WORKING GIRLS: THE MILLINERS OF NINETEENTH-CENTURY PARIS
In the Farrell Auditorium
In celebration of Women’s History Month, join us to learn about the milliners who created the hats that fascinated Degas and his Impressionist circle. Nineteenth-century Paris was a “ladies’ paradise,” in novelist Emile Zola’s phrase. Exuberant hats adorned with exotic flowers and feathers were displayed in luxurious boutiques and vast, gleaming department stores, and modeled by aristocrats and celebrities. But the Impressionist artist Edgar Degas didn’t paint the glittering surface of Parisian society; instead, he was fascinated by the “the red hands of the little girl who is holding the pins.” This lecture will introduce famous milliners like Esther Meyer, Caroline Reboux, Madame Josse, and Madame Georgette as well as the anonymous petits mains (“little hands”) who created one-of-a-kind works of art, often in oppressive or dangerous working conditions.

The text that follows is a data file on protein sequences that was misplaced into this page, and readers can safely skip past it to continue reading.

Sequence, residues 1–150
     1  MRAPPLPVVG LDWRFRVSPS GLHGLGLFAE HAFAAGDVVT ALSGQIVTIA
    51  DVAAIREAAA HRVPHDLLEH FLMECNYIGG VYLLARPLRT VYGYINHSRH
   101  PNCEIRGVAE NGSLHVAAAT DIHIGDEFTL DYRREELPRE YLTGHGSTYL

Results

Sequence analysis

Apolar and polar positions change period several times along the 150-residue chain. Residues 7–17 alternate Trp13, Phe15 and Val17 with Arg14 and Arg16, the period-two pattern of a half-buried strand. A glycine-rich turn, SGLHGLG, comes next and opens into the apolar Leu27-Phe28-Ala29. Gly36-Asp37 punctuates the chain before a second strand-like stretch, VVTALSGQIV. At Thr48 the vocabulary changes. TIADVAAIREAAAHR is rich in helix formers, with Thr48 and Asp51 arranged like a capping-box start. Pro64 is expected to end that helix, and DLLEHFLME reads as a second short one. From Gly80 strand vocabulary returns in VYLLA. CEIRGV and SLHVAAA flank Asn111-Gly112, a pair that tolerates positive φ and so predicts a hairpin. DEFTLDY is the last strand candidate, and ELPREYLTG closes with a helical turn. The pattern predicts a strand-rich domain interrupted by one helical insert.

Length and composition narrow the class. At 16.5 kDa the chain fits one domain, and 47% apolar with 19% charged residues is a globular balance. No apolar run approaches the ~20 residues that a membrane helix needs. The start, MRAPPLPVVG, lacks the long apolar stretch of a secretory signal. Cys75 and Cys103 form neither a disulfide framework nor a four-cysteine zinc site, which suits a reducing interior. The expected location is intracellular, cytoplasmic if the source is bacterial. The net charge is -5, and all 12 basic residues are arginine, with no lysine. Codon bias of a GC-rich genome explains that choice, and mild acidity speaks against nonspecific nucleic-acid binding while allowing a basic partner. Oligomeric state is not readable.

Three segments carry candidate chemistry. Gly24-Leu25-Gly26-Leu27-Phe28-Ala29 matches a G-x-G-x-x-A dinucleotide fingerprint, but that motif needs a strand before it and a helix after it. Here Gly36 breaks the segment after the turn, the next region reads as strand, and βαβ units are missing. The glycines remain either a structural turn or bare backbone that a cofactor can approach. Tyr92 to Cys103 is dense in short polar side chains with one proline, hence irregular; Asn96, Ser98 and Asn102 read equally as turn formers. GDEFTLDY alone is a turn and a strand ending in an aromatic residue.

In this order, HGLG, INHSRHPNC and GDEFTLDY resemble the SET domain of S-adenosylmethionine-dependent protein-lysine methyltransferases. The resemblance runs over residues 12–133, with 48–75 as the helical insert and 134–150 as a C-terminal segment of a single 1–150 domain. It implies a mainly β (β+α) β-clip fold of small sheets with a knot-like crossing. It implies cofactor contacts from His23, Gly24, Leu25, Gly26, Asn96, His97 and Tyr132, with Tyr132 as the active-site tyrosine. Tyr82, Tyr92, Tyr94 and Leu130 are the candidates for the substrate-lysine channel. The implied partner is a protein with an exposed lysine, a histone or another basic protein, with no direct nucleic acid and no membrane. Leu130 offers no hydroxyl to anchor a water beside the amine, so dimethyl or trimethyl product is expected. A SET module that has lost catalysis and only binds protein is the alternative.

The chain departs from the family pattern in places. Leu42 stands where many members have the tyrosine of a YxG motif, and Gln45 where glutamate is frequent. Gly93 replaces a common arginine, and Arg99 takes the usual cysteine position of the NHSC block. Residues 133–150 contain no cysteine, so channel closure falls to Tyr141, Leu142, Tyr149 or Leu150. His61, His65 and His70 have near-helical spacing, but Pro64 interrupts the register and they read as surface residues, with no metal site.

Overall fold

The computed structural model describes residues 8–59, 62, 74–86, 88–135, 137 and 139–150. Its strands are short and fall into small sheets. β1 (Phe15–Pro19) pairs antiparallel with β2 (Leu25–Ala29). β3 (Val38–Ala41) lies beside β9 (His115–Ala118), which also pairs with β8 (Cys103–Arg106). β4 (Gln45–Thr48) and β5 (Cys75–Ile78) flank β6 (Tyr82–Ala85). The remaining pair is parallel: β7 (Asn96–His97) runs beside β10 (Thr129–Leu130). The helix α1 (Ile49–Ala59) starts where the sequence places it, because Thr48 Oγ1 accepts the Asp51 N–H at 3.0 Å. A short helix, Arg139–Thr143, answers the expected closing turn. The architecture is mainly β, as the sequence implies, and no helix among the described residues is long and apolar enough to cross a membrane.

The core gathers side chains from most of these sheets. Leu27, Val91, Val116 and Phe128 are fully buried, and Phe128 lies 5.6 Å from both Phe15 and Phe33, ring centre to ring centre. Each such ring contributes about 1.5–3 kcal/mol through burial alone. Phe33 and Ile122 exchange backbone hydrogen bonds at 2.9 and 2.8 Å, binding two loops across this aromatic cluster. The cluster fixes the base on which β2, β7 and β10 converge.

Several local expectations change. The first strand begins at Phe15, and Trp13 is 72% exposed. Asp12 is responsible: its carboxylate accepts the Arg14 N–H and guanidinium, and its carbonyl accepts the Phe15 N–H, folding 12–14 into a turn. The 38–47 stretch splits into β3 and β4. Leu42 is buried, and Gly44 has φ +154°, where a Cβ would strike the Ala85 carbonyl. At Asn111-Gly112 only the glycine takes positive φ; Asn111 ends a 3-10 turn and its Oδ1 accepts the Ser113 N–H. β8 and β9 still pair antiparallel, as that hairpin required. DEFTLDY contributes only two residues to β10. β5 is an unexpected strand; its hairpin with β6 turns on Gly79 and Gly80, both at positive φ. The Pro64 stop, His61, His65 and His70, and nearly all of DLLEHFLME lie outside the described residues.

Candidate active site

Kimberly Chrisman-Campbell, art historian
This program is made possible by the Mary Strauss Women in the Arts Endowment.
March 3, 2017 - 7:00 PM
Tickets are free, but reservations are recommended.
TICKET PRICE SERVICE CHARGE TOTAL PER TICKET $0.00 $3.00 $3.00
MetroTix sales end at 12:01am on the day of the event. On event day, tickets are available only on site at the Museum.
Saint Louis Art Museum
1 Fine Arts Drive , Saint Louis, Missouri 63110